Coals Are Key to Bushcraft Cooking
It’s tempting to think a roaring fire is the best way to ensure your bushcraft winter camping experience will include plenty of hot food. Tempting, but wrong. Instead, what you want is a fire that will produce a bed of long-lasting coals.
In contrast to a roaring fire, a bed of coals will provide sustained and even heat that will ensure your camp food is thoroughly cooked. The key to generating a good bed of coals is to choose firewood that will burn slowly.
The best woods for producing great coals for cooking are hardwoods like hickory, oak, ash and maple. Softer woods, like aspen, or woods with lots of resin, like pine, are good for quickly starting a fire, but won’t produce usable coals.
Safe Practices for a Winter Camping Water Supply
Just as with any type of camping, having a reliable and safe water supply is key to a quality outdoor experience in bushcraft winter camping. Read on to learn how you can ensure that your water resources are both safe and adequate for your adventure.
How to Melt Snow or Ice for Water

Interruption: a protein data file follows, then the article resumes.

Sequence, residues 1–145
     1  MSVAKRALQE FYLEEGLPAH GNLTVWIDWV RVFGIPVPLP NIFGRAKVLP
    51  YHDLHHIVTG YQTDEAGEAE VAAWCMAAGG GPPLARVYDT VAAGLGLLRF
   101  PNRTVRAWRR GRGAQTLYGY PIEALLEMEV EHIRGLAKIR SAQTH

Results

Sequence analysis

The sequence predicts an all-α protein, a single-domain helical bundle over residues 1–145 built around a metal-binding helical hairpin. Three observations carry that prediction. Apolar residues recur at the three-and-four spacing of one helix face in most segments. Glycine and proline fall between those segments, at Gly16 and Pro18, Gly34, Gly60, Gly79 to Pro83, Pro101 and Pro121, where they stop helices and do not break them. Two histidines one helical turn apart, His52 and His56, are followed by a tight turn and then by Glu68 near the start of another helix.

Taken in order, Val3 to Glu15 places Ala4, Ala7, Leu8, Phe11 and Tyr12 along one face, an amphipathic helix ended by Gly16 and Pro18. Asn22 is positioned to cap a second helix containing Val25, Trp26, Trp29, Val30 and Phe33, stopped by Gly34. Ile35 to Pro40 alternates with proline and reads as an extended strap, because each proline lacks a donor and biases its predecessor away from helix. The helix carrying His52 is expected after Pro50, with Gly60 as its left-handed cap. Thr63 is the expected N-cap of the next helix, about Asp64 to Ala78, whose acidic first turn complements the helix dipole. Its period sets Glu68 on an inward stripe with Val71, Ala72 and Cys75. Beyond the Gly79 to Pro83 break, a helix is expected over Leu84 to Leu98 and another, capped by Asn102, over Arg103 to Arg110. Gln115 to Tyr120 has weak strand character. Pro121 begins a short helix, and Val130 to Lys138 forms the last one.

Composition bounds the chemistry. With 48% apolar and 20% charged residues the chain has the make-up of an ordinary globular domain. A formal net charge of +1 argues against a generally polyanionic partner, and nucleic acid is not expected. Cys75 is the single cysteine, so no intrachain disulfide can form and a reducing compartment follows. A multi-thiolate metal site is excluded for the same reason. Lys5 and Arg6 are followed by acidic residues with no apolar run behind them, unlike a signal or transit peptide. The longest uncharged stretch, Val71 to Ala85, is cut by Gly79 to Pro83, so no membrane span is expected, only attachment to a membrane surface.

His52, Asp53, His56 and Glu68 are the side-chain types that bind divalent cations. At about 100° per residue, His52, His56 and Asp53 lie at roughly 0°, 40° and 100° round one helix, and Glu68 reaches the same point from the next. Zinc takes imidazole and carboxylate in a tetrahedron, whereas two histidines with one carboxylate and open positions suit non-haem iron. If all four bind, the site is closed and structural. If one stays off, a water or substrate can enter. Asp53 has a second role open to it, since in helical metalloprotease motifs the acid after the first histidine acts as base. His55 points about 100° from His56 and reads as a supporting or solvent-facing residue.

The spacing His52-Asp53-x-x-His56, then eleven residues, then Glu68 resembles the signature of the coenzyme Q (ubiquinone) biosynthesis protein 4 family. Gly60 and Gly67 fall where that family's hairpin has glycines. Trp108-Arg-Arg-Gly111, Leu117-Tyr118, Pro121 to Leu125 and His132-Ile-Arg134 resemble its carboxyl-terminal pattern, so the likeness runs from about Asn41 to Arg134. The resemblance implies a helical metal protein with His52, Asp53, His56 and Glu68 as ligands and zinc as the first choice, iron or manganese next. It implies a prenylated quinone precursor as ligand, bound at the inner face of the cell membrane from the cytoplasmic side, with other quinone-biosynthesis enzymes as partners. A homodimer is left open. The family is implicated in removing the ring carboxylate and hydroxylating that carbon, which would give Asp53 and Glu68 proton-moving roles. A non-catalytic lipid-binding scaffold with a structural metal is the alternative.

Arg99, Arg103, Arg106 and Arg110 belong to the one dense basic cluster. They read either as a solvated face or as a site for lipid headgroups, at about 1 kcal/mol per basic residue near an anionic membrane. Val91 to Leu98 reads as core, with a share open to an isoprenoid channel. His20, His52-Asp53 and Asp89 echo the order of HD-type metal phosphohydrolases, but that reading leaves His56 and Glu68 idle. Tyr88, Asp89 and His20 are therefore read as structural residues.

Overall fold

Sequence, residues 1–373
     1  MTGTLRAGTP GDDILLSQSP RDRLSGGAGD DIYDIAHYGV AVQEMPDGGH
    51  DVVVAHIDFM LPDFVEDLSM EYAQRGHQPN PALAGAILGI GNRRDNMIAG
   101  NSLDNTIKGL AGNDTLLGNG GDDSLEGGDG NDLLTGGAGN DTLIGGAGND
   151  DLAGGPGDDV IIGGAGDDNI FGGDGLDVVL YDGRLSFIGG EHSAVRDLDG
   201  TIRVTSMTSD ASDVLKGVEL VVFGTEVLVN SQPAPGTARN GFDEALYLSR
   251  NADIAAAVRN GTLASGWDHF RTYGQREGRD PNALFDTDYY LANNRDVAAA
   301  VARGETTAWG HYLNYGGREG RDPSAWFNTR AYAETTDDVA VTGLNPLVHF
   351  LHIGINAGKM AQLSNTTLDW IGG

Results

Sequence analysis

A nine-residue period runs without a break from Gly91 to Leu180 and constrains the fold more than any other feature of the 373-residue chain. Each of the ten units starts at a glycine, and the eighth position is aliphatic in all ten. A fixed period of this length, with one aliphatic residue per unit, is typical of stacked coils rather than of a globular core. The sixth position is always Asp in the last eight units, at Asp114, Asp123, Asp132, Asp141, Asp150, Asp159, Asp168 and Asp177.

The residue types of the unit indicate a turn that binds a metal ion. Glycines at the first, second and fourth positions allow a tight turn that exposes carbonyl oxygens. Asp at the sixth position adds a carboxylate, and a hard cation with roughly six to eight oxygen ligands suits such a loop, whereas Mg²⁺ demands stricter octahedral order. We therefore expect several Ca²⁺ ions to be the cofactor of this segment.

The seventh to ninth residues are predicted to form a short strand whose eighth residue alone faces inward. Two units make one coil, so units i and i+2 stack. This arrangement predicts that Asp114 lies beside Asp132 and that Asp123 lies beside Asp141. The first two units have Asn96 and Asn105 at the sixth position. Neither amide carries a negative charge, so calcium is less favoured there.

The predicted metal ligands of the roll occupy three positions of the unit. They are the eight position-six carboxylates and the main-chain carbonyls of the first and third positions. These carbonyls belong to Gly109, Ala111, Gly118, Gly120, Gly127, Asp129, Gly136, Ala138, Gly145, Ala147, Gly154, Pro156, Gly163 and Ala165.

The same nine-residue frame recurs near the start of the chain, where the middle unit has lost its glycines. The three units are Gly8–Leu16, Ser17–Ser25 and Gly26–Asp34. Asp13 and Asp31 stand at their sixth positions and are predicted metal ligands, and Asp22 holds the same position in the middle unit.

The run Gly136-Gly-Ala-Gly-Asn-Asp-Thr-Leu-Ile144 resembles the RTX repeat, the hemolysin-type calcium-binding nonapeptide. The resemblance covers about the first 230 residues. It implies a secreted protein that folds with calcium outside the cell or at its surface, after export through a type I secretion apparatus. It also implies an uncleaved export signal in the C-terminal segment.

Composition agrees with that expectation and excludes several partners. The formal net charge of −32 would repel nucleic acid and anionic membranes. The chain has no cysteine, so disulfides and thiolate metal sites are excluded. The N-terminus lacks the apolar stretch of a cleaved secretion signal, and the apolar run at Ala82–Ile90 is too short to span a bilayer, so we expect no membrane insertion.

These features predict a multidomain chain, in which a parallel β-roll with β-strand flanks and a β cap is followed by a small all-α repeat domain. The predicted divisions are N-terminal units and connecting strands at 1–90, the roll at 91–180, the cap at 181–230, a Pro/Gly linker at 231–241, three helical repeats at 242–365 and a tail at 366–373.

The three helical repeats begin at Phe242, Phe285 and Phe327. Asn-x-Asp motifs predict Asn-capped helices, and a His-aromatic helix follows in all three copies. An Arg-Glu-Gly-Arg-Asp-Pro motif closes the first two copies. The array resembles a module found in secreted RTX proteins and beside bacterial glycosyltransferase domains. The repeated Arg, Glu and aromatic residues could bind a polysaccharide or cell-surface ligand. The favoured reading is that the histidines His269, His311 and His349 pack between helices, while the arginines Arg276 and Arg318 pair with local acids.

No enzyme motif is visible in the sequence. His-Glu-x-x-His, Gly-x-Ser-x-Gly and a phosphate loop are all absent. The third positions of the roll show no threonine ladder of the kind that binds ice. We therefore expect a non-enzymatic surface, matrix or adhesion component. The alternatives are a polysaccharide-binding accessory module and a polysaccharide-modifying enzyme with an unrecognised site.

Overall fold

There are only two ways to ensure that water gathered from outdoor sources is safe to drink — boiling it, or purifying it. If your bushcraft winter camping adventure includes having to melt snow or ice for drinking or cooking water, there are specific things to consider.
1. Allow sufficient time for boiling
LongerFirst, you’ll need lots of firewood, to ensure your snow or ice can be melted and brought to a boil. If you’re camping at 6,600 feet or lower, you’ll have to boil your melted snow or ice for at least 1 minute. If you’re camping above 6,600 feet, your melted snow or ice will need to boil for at least 3 minutes.
However, to be abundantly safe, you should plan to boil melted snow and ice for 10 minutes.
2. Boil only small amounts of snow or ice at any one time
Also if you’re melting snow or ice for water, place only small amounts in your pot at any one time. Don’t fill the pot with snow or ice and then try to bring it to a boil.
3. Other water purification options